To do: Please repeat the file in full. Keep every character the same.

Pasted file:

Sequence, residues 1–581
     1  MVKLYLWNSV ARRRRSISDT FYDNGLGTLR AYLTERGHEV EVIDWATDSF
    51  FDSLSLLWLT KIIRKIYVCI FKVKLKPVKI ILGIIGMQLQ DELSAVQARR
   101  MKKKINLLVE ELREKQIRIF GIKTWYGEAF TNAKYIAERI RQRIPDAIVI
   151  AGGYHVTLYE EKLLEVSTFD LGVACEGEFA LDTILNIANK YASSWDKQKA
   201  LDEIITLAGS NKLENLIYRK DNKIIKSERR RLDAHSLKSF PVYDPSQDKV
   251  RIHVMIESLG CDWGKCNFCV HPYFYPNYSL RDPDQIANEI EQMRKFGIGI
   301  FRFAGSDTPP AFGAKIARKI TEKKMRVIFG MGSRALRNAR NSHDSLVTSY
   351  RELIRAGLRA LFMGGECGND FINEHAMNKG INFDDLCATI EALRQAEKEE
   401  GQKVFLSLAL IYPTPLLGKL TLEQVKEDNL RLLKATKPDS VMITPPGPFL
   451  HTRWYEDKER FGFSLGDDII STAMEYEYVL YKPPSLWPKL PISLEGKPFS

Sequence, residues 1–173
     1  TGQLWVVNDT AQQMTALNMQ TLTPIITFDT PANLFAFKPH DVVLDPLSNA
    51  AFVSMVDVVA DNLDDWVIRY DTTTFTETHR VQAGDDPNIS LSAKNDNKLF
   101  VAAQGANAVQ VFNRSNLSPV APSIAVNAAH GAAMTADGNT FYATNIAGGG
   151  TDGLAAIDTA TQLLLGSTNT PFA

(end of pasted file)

Sequence, residues 1–581
     1  MVKLYLWNSV ARRRRSISDT FYDNGLGTLR AYLTERGHEV EVIDWATDSF
    51  FDSLSLLWLT KIIRKIYVCI FKVKLKPVKI ILGIIGMQLQ DELSAVQARR
   101  MKKKINLLVE ELREKQIRIF GIKTWYGEAF TNAKYIAERI RQRIPDAIVI
   151  AGGYHVTLYE EKLLEVSTFD LGVACEGEFA LDTILNIANK YASSWDKQKA
   201  LDEIITLAGS NKLENLIYRK DNKIIKSERR RLDAHSLKSF PVYDPSQDKV
   251  RIHVMIESLG CDWGKCNFCV HPYFYPNYSL RDPDQIANEI EQMRKFGIGI
   301  FRFAGSDTPP AFGAKIARKI TEKKMRVIFG MGSRALRNAR NSHDSLVTSY
   351  RELIRAGLRA LFMGGECGND FINEHAMNKG INFDDLCATI EALRQAEKEE
   401  GQKVFLSLAL IYPTPLLGKL TLEQVKEDNL RLLKATKPDS VMITPPGPFL
   451  HTRWYEDKER FGFSLGDDII STAMEYEYVL YKPPSLWPKL PISLEGKPFS

Sequence, residues 1–173
     1  TGQLWVVNDT AQQMTALNMQ TLTPIITFDT PANLFAFKPH DVVLDPLSNA
    51  AFVSMVDVVA DNLDDWVIRY DTTTFTETHR VQAGDDPNIS LSAKNDNKLF
   101  VAAQGANAVQ VFNRSNLSPV APSIAVNAAH GAAMTADGNT FYATNIAGGG
   151  TDGLAAIDTA TQLLLGSTNT PFA